Five Tips for Overcoming Sunday Night Anxiety
What is Sunday night anxiety and how can we overcome it?
While most of us would love to enjoy a longer weekend, those of us with Sunday night anxiety become overly worried and anxious about the prospect of a new working week.
This anxiety might affect your mood and sleep. You may also find that intense thoughts are more difficult to control than usual and that you experience overwhelming worry or panic. On Monday morning you might find it challenging to get up, worrying about the day ahead and thinking negative thoughts.
The reasons for Sunday Night Anxiety vary. In some cases it may be caused by stress in general, a specific boss or work environment, your position in life, or your ability to handle the transition between a relaxing weekend and a busy and demanding working week with endless to-do lists. Whatever the reason, you are not alone. 42% of EU respondents who have the Sunday night blues report they are "really bad" (as reported by Monster Data 2015).
Here are five tips to help you to overcome your Sunday night anxiety:
1. Reschedule your meetings
Move your Monday meeting to a little bit later in the morning, so you can make a start on your to-do list and check your emails with a cup of coffee. This will help you to enjoy a calmer transition from the weekend and ease gently into the working week. Likewise leave 20 minutes at the end of the working day on Friday to organise your to-do list. Investing time in prioritising your workload ready for Monday might help you to end the week feeling more organised and in control.
2. Distract yourself Plan a fun early Sunday evening activity such as a family games night, movie, or a short walk after dinner to help take your mind off work. This will help to distract you from the week ahead and to relax. Try to minimise alcohol on Sunday night as this will affect your sleep and, in turn, your mood on Monday morning. If possible, start Monday morning with some 'me time' so you have something to look forward to, such as an early morning walk, special breakfast with a colleague or online yoga session. Practicing mindfulness can also help to reduce your anxiety and support you to be present in the moment.
3. Get an early night
Sleep is so important for your mental and physical health, so try to go to bed early on Sunday evening, to encourage a better night's sleep and help you to wake up feeling refreshed and ready for work on Monday. This will help to prepare you for the week ahead, and improve your concentration, mood and outlook.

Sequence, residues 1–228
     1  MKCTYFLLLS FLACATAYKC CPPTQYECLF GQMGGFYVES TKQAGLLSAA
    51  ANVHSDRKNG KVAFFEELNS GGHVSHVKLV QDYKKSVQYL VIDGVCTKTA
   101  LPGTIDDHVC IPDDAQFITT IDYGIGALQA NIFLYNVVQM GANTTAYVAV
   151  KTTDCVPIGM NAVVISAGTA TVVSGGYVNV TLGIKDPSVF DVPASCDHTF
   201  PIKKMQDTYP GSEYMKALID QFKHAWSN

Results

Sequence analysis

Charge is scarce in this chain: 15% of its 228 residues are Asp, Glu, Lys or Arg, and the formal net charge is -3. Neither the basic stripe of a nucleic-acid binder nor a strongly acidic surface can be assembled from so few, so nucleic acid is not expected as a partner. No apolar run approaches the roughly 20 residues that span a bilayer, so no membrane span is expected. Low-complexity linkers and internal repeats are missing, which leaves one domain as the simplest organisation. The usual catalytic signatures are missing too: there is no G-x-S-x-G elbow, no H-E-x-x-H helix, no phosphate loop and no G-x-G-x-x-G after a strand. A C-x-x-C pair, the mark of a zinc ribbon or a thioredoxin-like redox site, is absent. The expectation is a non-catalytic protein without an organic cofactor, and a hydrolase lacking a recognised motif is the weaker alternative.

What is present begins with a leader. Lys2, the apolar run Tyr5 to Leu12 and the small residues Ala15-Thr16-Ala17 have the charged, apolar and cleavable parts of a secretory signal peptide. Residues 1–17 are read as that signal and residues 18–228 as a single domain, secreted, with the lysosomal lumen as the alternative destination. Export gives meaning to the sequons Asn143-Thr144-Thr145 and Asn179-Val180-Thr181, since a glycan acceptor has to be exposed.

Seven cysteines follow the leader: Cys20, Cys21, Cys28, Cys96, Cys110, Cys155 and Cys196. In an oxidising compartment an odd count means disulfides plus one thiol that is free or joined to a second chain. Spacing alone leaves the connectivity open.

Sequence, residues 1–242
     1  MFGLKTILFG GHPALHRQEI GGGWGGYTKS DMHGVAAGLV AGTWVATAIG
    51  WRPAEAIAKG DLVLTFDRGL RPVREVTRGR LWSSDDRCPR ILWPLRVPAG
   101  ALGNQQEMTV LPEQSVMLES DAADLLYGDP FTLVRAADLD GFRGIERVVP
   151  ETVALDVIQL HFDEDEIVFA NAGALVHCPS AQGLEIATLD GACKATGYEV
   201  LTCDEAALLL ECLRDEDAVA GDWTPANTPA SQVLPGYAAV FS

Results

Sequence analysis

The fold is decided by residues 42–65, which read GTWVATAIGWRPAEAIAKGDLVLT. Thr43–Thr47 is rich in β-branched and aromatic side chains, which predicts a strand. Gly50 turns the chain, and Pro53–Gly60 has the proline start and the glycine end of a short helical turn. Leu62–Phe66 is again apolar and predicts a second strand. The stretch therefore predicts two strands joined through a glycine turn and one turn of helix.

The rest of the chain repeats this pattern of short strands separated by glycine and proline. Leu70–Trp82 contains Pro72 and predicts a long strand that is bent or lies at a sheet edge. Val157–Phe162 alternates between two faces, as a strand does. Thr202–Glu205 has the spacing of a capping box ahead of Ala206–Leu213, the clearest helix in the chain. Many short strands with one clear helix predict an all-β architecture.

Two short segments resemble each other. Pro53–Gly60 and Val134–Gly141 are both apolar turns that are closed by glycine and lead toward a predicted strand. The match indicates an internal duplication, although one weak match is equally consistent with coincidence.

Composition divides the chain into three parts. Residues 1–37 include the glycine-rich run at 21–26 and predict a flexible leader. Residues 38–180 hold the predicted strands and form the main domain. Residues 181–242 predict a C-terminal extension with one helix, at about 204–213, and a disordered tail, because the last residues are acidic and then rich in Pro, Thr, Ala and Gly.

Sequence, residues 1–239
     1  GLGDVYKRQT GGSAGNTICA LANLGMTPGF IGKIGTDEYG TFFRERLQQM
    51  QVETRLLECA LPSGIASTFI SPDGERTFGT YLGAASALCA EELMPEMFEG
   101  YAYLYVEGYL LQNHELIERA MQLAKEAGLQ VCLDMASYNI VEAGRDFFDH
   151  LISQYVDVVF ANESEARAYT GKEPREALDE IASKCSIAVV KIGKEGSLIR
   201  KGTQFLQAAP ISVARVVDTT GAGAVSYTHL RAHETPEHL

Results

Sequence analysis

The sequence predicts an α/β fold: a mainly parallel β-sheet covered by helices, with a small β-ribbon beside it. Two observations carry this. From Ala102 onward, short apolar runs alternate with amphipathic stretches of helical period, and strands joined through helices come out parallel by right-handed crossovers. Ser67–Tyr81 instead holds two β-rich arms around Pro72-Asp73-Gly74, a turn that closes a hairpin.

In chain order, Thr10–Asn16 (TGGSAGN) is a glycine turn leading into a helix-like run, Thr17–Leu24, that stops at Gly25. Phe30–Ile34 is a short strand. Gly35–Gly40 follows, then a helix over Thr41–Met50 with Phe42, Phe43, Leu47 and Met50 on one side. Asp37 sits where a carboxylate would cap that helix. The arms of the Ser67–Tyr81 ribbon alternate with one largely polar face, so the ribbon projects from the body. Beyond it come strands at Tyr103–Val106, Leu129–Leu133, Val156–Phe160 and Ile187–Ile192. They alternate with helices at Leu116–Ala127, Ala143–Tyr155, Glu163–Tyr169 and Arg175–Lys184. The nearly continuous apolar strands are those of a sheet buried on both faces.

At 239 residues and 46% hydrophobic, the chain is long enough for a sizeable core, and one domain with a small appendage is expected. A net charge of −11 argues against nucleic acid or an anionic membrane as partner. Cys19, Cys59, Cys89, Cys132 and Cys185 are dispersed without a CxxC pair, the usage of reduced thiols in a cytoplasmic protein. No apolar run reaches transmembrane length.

4. Talk to someone
If you’re struggling with feeling anxious or worried, try to reach out to someone close to you. Talking to a family member or friend about how you're feeling can help you to identify the reasons for your anxiety so that you can try to resolve it. Even if you do not feel ready to go into detail about your anxiety, simply sharing your need for support is a step in the right direction.
You might want to consider talking to your boss as well. Once they are aware of how you’re feeling, you can work together to consider which tasks will be good to start with on a Monday morning.
If you feel that the intense thoughts and feelings that come with Sunday night anxiety are impacting your wellbeing, your relationship and functioning, it is advisable to reach out to your GP or a qualified therapist. They might be able to help you to identify the root of your anxiety and support you in making the necessary changes to bring more joy and fulfilment to your life.
5. Think positive thoughts
Thinking positive is not about ignoring your negative thoughts, but it is about being mindful and intentional about creating a balance. For example, remind yourself of past Mondays where you managed well can calm your front-cortex (where your negative thoughts live). Many people report using positive mantras such as "I can do it", "I am not alone with this. Many people feel the same", "I can talk to people who care for me for support" and "My feelings are a wave, it too will pass". Such mantras help to remind themselves of their strengths and the ability to manage these feelings can be very useful. You might like to try writing some of these mantras down and placing them around you as easy reminders throughout the day, or saying them out loud whenever you feel the need to.
Please note that these are not a replacement for any talking therapeutic processing (psychotherapy, counselling or psychological) that will address the core of your feelings, but as an accompaniment and more immediate support when needed. Remember to seek professional advice from a GP or therapist if you are struggling.
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This article was written by couples therapist and parental advisor Dr Kalanit Ben-Ari. With a doctorate in Psychology, Dr Ben-Ari has worked in the field for over 20 years and runs a private clinic in Hampstead, London. She is also an author, speaker, therapist supervisor, founder of The Village (getthevillage.com), and has been the Chair of Imago UK since 2013.